Susan Scafidi was quoted in a CBS News article about the luxury brand Gucci’s recent lawsuit for trademark infringement against Forever 21.
International fashion house Gucci has been sending its iconic stripes down the runway for more than half a century in blue-red-blue and green-red-green.
Similar designs with similar stripes are being sold by Forever 21. Now Gucci is suing the fast-fashion retailer for trademark infringement.
“Gucci is really having a moment and driving a lot of sales with these stripes,” said Susan Scafidi, director of the Fashion Law Institute at Fordham University.
“How can you actually trademark stripes?” Jacobson asked.
“When consumers recognize a certain striped pattern, whether it’s Gucci’s green, red, green, or Adidas’ three-striped mark, then we give those companies recognition that those marks belong to those companies,” Scafidi said.
“Isn’t it good for Gucci if there are more people wearing a jacket that I might think is a Gucci jacket?” Jacobson asked.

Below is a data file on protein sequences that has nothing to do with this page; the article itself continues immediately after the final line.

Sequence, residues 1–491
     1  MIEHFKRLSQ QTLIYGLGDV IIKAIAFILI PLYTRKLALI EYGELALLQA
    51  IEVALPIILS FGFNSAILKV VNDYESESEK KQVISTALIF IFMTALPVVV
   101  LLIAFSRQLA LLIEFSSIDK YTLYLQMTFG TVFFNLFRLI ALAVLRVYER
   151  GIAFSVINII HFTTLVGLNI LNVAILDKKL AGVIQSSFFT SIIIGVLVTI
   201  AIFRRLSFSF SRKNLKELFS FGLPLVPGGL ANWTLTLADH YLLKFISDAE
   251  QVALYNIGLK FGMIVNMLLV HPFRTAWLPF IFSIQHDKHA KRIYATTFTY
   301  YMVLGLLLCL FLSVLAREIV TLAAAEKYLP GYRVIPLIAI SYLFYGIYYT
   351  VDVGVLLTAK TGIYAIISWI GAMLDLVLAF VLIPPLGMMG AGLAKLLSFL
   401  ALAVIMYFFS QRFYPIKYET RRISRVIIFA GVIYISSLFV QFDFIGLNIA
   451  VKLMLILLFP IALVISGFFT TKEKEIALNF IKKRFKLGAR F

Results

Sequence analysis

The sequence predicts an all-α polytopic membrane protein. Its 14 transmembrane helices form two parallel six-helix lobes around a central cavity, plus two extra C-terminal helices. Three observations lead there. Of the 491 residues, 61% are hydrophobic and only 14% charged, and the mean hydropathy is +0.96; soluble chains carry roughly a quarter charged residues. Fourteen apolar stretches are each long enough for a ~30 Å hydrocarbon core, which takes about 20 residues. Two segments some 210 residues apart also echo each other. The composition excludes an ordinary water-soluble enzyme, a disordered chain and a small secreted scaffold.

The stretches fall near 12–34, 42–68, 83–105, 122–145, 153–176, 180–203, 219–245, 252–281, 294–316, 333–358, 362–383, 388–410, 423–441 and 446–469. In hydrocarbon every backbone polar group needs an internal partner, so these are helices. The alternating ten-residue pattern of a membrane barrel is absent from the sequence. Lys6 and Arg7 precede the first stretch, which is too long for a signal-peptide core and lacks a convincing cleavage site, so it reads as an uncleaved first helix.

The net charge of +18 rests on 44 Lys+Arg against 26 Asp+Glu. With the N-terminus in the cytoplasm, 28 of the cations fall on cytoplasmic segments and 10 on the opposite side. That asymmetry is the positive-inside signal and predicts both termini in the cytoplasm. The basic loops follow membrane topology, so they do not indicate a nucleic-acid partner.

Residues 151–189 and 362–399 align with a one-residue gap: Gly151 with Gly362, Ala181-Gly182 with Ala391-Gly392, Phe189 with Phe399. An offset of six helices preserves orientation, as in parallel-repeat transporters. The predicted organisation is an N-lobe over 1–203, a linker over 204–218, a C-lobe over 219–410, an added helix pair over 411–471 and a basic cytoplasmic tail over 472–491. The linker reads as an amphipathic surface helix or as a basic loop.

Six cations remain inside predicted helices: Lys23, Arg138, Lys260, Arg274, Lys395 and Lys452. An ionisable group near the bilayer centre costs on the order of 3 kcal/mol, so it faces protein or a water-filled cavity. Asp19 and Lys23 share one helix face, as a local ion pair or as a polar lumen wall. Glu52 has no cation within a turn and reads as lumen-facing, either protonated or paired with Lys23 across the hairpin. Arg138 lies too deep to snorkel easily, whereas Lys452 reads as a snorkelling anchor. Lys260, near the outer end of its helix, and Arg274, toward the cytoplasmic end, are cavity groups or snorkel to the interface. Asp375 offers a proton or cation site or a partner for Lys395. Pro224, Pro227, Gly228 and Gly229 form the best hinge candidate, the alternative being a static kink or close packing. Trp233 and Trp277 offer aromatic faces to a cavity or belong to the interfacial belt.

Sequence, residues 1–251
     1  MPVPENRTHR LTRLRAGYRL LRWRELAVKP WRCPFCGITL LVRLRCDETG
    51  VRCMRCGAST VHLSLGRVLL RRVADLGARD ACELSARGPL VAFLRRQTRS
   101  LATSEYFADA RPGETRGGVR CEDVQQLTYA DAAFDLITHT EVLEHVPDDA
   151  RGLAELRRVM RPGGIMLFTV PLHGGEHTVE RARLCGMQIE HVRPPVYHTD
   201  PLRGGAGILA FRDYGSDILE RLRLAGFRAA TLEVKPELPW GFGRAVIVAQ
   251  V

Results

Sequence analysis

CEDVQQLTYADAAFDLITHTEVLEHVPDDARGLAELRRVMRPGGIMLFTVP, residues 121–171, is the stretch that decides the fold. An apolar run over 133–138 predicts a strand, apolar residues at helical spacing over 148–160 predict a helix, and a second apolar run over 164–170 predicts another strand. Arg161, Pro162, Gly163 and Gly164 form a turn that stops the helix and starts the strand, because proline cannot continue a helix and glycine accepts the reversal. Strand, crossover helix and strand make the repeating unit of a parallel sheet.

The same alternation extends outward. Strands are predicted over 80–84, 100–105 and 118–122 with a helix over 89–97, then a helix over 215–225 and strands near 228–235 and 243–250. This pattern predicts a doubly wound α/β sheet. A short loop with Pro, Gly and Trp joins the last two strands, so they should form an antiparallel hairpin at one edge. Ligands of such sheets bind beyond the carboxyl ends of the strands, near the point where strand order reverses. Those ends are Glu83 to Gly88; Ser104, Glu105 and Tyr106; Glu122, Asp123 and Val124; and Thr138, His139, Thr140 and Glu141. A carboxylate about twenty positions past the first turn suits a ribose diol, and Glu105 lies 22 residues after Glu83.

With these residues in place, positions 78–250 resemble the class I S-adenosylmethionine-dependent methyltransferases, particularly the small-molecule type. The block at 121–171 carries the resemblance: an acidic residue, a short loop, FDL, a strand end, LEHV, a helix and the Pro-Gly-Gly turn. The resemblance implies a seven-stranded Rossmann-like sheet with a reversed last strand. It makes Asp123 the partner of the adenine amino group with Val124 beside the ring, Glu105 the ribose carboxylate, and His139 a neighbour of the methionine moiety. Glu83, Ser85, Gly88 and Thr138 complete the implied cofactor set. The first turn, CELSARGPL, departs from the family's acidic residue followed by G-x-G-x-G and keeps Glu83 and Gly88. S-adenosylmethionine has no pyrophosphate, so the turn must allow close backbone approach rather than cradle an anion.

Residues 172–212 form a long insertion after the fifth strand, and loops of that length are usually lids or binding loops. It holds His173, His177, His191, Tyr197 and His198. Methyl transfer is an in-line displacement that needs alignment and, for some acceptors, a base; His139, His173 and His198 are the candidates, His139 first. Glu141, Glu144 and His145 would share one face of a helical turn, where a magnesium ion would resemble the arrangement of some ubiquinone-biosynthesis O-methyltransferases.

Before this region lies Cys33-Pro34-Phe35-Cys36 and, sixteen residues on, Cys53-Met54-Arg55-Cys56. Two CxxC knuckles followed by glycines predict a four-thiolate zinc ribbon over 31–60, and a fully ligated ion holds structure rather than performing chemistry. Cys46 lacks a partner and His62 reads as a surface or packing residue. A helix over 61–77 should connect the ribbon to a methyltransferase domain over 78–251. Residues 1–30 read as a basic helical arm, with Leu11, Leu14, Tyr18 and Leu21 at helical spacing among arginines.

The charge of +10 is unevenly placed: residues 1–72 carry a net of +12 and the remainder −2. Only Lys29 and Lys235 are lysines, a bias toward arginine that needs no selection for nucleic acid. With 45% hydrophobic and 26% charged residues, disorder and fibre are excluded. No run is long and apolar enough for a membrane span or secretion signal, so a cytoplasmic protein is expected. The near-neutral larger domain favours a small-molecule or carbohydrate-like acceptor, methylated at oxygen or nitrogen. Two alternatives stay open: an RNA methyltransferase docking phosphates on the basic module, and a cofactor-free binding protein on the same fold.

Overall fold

“Oh no. Gucci’s brand value gets diluted,” Scafidi said. “Items like this hurt the bottom line because there’s market substitution, people trade down or fail to buy the original.”
Scafidi said Gucci has laid out a strong case.
“This is Gucci’s counterclaim in two pictures. Forever 21 is focused on the stripes and claimed that they used blue-red-blue stripes randomly. Gucci would like the court to look at this and say, ‘Oh no. That wasn’t random. You’re copying the entire Gucci product and attempting to convince the consumer to think about Gucci when it’s really just Forever 21,'” Scafidi explained.
“It really does very much look like a line-for-line, stitch-for-stitch copy,” Scafidi said.